Another thing that might surprise you is that some cars actually pull more  
power to run than to start, a sharp contrast to the past. In a V6 you gener
ally have three coils that put out more firing voltage at more current than
 the old style V8, plus you have six fuel injectors whose current drain is  
not trivial.  

The regulation in the older cars when it comes to charging is that you woul
d lose too much water and have to keep adding it to the battery. With the s
ealed batteries this is not an issue. Of course technically they are more l
ikely to explode but I have not heard of it happening much. Plus the pressu
re they built up before the electrolyte re-absorbs the gases is really not  
more dangerous than the hydrogen they used to emit.  

I think Honda made a mistake doing that. Once out of factory warranty I wou
ld find the wire that controls this and make it put out the full voltage al
l the time. Again, the climate does matter. In Texas or whatever you are pr
obably fine, but in Wisconsin that is another story. You gotta have the sta
rter motor pull that sludge through the oil pump as well as fire ten amps w
orth of fuel injection just to get started. And after that ordeal for the b
attery then the alternator only half ass charges ? Ill conceived idea to sa
y the least.  

Another thing is that since the late 1980s, cars have had kinda shitty alte
rnators. My friend's brother in law had a car that needed a new one every t
wo years or so, and where they put it you had to damnear pull the engine. A
nd this was a GM product, I think the 3.4L "rat" engine.  

Fuck all that, gimme a 1967 Chevy.

Re: Automotive electronics - Honda charging system
snipped-for-privacy@gmail.com says...

 > Disagree. the most reliable cars I have seen generally
 > charge at like 15.2 when cold, tapering off with
 > temperature of course.

It will be next summer before I can test this, but there's a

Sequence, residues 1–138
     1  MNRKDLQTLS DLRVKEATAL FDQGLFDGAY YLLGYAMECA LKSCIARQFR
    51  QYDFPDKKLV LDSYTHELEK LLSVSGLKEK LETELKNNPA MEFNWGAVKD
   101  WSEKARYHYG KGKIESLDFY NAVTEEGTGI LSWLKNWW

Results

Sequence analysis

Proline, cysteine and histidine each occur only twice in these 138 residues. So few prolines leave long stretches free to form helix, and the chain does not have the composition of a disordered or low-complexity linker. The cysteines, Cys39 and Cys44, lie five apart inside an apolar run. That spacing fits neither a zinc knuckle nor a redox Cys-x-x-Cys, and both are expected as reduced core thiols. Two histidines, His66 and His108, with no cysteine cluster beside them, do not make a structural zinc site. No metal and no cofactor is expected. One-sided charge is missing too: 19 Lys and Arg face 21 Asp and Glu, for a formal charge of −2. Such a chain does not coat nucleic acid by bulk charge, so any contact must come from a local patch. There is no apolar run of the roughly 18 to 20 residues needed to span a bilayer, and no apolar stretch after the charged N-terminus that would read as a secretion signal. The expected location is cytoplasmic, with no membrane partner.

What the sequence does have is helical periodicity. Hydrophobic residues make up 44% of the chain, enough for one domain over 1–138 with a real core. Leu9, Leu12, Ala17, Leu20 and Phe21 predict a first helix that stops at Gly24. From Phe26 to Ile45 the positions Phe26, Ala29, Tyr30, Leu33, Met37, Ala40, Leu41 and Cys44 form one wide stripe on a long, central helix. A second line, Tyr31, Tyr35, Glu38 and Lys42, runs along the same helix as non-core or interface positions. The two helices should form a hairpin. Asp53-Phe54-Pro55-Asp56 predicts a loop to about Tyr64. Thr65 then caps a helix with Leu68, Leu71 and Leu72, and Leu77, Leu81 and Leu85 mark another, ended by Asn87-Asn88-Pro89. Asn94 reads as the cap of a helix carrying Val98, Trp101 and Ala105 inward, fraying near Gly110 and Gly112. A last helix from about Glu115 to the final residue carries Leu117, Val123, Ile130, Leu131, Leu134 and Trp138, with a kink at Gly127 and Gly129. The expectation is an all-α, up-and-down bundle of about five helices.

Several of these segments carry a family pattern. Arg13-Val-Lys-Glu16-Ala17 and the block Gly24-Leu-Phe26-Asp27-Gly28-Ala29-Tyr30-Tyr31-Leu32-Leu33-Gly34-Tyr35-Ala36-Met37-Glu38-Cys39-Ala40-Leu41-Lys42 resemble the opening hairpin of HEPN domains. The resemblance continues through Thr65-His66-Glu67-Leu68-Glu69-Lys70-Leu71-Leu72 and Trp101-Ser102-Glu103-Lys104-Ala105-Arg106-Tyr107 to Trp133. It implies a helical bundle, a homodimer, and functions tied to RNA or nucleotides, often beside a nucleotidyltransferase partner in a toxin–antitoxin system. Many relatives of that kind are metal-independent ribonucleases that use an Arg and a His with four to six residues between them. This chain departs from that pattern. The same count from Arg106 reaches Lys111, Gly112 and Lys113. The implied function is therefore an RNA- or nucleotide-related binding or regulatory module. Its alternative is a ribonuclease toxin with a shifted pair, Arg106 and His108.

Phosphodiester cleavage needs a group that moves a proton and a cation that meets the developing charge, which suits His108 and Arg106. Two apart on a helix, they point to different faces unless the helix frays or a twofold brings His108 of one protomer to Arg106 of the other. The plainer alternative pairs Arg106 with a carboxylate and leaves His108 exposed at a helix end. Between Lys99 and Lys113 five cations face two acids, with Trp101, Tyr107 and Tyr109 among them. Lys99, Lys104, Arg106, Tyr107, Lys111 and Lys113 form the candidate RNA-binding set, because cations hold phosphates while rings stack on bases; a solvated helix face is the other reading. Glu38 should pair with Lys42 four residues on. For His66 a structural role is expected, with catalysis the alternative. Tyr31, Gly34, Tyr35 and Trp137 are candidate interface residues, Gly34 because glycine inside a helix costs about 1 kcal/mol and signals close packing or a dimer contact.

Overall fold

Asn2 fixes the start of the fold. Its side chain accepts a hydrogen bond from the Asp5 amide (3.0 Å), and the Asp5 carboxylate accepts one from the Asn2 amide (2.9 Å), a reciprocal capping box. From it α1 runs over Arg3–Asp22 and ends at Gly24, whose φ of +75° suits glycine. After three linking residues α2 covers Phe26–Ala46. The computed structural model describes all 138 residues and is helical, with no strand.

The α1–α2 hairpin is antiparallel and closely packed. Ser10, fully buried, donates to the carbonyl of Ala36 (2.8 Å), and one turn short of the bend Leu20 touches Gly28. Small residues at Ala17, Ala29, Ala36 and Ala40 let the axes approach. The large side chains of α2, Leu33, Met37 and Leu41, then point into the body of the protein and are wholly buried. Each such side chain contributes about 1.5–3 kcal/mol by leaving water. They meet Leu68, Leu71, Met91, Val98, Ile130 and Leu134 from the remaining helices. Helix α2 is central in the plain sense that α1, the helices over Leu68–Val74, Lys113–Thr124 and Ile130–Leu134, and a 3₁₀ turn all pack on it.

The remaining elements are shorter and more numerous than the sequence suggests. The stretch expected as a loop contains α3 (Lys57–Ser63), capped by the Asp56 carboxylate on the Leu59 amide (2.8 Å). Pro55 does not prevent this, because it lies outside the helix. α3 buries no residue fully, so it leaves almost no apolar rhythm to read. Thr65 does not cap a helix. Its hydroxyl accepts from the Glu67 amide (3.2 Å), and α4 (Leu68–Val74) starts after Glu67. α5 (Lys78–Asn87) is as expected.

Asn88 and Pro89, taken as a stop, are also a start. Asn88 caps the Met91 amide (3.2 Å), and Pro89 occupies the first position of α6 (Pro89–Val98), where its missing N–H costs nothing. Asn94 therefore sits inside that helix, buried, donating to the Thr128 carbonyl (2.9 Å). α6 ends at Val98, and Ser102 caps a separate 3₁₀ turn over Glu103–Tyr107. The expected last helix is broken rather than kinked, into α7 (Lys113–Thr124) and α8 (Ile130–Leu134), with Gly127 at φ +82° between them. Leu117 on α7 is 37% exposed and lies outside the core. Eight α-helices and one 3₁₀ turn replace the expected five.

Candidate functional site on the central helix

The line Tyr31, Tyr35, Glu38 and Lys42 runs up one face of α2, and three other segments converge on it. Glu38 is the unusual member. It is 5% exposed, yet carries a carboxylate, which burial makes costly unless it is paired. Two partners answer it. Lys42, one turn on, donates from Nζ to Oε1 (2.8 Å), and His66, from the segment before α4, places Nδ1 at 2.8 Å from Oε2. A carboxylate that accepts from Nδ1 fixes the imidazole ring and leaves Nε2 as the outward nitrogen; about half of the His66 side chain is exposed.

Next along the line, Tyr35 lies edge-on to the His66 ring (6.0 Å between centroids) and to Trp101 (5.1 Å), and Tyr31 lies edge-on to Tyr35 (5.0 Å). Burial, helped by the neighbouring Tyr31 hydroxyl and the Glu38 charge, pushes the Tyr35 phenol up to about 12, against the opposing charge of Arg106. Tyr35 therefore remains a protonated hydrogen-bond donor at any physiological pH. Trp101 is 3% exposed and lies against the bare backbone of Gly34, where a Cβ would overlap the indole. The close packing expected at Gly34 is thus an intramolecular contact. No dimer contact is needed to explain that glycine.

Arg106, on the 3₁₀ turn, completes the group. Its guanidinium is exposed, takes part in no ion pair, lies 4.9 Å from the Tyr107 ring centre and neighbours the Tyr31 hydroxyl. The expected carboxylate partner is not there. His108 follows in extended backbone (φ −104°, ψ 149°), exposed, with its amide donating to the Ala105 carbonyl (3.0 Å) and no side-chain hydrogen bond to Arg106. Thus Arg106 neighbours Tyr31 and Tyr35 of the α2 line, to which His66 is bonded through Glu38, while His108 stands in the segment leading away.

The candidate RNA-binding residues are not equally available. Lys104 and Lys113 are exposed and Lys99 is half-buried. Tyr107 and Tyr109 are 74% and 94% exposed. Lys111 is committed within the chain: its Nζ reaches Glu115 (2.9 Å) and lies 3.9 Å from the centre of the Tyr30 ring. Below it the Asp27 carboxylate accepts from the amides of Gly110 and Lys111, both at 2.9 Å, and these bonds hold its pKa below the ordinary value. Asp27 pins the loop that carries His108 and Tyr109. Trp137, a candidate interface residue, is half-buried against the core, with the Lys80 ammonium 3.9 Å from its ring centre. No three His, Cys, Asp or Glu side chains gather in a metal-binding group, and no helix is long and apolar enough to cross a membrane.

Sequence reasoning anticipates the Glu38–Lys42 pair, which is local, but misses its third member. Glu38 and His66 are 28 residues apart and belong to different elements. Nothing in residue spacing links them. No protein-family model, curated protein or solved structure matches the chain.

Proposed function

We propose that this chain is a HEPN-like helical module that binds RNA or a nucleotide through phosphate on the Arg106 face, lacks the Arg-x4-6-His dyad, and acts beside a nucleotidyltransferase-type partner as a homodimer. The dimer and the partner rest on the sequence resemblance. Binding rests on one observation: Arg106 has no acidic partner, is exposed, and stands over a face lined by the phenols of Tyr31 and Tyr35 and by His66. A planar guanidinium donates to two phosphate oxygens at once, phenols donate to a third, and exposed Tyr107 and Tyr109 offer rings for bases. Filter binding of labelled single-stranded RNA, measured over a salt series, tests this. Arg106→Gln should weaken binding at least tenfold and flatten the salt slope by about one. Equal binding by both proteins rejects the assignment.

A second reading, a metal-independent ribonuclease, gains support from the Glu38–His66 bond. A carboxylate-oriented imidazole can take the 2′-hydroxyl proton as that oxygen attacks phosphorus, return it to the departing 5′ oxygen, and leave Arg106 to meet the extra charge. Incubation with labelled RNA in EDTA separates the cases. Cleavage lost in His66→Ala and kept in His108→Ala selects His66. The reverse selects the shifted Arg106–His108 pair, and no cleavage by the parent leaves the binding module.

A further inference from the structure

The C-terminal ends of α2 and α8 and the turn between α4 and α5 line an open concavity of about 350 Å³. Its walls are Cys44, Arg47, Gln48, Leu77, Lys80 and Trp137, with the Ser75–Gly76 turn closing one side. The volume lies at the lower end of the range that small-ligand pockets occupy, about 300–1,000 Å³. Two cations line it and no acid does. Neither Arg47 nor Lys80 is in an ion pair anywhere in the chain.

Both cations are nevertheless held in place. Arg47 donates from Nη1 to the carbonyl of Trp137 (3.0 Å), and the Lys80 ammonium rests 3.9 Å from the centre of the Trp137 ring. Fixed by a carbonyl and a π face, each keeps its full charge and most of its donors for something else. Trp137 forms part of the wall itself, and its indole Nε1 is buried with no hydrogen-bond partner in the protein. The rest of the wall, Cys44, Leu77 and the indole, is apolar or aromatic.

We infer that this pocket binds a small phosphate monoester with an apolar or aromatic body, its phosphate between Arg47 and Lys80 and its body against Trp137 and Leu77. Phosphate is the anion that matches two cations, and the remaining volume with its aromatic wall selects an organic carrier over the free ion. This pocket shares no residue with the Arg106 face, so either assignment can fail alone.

"thing" attached to the negative battery terminal in
addition to the ground cable. Could this be a temperature
sensor for the battery?  Is the negative terminal the right
place to take this reading?  So far, though, if it's high
voltage, it's exactly 14.4V.  No variation.

 > I think Honda made a mistake doing that. Once out of
 > factory warranty I would find the wire that controls
 > this and make it put out the full voltage all the time.

Honda uses an Electronic Load Detector (ELD) that's located
in the engine compartment fuse box.  It's a strange looking
thing that has a slot all the way through it, and there's a
metal bar that goes through that slot.  The entire current
load of the system goes though that bar, and the ELD must
have a coil surrounding the slot.  The current induces a
corresponding current in the coil, and then some mystery
circuit in the ELD pulls down the 5VDC provided by the
computer via a pullup resistor so that the voltage indicates
the current load.  The switching point appears to be about
2.1V.  Below that, you get 14.4V from the alternator.

So the solution to this could be to just add a pulldown
resistor to that sending line so that it always reads below
2.1V, or perhaps a 2V zener to ground, or even three forward
biased diodes to ground would work.  You can't just ground
it because then the computer will throw a code and turn on
the check-engine light.

The problem is figuring out which wire it is, and getting to
it.

 > Fuck all that, gimme a 1967 Chevy.

Nah.  Modern cars are really nice.



Re: Automotive electronics - Honda charging system
On Wednesday, December 7, 2016 at 3:37:53 PM UTC-8, Peabody wrote:
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Modern "maintenance free" batteries can't tolerate that high a charging voltage - they'll gas too much and lose electrolyte.

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That "thing" is probably a hall-effect current sensor, my Spark EV had one and also had a similar charging regime.
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...

There is a fair amount around on the web about the Honda charging system:

For example <http://opensiuc.lib.siu.edu/cgi/viewcontent.cgi?article10%11&context=auto_pres .

The 12.3 volts does sound a bit low - that article states it should be 12.5-12.7V.  That is not enough to charge the battery but will maintain it at 100% SOC after it has charged.